Mtskheta (Georgian: მცხეთა), one of the oldest cities of Georgia (in Kartli province of Eastern Georgia), is located approximately 20 kilometres (12 miles) north of Tbilisi at the confluence of the Aragvi and Kura rivers. Mtskheta is one of the oldest continuously inhabited cities in the world. The city (population 19,423 as of January 1, 2008) is now the administrative centre of the Mtskheta-Mtianeti region. Due to its historical significance and numerous ancient monuments, the “Historical Monuments of Mtskheta” became a UNESCO World Heritage Site in 1994.
Remains of towns at this location have been dated to earlier than the year 1000 BC, and Mtskheta was capital of the early Georgian Kingdom of Iberia during the 3rd century BC – 5th century AD. It was a site of early Christian activity, and the location where Christianity was proclaimed the state religion of Kartli in 337. Mtskheta still remains the headquarters of the Georgian Orthodox Church.
King Dachi I Ujarmeli (beginning of the 6th century AD), who was the successor of Vakhtang I Gorgasali, moved the capital from Mtskheta to the more easily defensible Tbilisi according to the will left by his father. However, Mtskheta continued to serve as the coronation and burial place for most kings of Georgia until the end of the kingdom in the 19th century.
The old city lies at the confluence of the rivers Mtkvari and Aragvi. The rare blend of cultural values had ruled in this part of the world since the Bronze Age until prosperous Christian era over the unique eclectic lifestyle creating the mood of the town which is as old as the history of Georgia. Mtskheta is the most religious city of Georgia as it has been the shrine of pagan idols since times immemorial and it is where Christianity in Georgia takes its origin.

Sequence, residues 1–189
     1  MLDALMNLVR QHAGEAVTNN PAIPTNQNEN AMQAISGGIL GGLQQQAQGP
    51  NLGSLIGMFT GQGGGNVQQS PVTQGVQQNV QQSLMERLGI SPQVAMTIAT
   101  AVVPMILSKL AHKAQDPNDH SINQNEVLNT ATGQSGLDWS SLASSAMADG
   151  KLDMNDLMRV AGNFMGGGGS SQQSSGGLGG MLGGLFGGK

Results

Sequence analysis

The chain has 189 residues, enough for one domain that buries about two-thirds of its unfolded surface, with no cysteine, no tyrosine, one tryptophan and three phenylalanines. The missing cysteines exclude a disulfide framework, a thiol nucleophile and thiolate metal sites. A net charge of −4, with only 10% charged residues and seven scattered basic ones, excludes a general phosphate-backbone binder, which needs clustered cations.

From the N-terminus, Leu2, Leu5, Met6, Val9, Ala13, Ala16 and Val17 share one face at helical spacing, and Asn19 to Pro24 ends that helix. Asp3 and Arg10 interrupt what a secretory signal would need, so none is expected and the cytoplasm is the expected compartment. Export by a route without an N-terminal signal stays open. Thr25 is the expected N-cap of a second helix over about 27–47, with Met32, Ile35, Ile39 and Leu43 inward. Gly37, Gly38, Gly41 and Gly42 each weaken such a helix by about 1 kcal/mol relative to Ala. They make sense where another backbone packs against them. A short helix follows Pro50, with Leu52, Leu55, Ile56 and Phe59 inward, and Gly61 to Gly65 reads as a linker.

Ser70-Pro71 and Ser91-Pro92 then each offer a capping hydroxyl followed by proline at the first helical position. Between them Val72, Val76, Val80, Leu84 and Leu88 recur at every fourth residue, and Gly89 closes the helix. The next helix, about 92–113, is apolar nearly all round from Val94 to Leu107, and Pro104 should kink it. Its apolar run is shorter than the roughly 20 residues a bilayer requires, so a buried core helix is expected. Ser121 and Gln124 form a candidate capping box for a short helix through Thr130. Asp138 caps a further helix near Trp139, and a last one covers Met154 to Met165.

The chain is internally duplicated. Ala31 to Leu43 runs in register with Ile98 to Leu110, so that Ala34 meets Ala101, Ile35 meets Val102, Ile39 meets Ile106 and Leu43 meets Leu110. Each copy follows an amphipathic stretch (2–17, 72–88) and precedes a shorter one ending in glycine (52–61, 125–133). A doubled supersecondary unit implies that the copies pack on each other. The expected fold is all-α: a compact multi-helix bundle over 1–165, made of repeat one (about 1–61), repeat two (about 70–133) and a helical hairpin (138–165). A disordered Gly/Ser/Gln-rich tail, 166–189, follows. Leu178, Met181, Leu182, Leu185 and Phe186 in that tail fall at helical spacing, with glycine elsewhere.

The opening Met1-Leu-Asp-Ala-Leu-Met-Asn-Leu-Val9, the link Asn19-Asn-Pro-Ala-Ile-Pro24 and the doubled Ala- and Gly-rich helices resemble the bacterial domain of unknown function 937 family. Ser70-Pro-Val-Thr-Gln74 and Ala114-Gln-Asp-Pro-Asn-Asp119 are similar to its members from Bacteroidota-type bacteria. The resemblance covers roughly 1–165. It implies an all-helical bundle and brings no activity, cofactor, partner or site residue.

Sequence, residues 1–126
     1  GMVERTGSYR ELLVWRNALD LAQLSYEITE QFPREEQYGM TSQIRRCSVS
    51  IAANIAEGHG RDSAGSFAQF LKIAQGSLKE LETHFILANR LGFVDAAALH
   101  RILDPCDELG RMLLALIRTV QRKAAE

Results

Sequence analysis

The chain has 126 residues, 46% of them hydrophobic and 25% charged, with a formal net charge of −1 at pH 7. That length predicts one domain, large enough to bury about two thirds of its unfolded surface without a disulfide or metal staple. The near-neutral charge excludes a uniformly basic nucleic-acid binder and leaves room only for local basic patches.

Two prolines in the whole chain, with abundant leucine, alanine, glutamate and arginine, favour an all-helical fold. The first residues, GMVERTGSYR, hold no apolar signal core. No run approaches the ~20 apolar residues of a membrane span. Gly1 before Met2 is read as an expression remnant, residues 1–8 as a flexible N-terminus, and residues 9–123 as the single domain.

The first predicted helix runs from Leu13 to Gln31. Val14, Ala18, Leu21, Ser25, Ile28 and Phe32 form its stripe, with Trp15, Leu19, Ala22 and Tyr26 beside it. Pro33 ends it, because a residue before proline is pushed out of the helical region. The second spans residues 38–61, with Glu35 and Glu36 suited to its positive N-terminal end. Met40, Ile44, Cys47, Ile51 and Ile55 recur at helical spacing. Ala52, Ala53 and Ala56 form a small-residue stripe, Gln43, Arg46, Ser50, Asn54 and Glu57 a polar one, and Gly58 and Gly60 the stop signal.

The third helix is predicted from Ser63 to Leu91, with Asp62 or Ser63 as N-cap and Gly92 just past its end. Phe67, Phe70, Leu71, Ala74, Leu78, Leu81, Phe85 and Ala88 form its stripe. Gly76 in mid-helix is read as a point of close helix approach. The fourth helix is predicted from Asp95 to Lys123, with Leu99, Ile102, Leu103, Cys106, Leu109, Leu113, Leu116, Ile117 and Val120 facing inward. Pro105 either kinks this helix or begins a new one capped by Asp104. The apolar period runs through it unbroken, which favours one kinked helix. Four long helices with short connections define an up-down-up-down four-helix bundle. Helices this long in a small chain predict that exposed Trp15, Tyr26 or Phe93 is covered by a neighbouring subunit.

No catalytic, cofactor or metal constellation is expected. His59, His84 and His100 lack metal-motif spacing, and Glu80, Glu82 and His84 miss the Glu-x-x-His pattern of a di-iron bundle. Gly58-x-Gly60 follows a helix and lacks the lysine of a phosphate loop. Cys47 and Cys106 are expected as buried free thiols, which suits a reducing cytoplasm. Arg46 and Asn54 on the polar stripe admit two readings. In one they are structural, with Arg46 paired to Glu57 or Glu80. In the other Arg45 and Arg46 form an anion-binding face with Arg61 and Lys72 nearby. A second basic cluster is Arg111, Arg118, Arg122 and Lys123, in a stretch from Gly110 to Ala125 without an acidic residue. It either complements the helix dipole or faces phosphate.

Svetitskhoveli seen from an old street
“Pompey’s bridge”, August 2008
Main article: Armazi
Svetitskhoveli Cathedral (11th century, see photo) and Jvari Monastery (6th century) in Mtskheta are amongst the most significant monuments of Georgian Christian architecture, and are historically significant in the development of medieval architecture throughout the Caucasus. Of special significance are early inscriptions, which form a valuable reference in the study of the origins of the early Georgian alphabet.
In the outskirts of Mtskheta are the ruins of Armaztsikhe fortress (3rd century BC), the Armaztsikhe acropolis (dating to the late 1st millennium BC), remains of a “Pompey’s bridge” (according to legends built by Roman legionnaires of Pompey the Great in 1st century BC), the fragmentary remains of a royal palace (1st–3rd century AD), a nearby tomb of the 1st century AD, a small church of the 4th century, the Samtavro Monastery (11th century), and the fortress of Bebris Tsikhe (14th century). The Institute of Archaeology, and the garden of Mikheil Mamulashvili are also worthy of note. There is also a monument to sculptor Elena Machabell.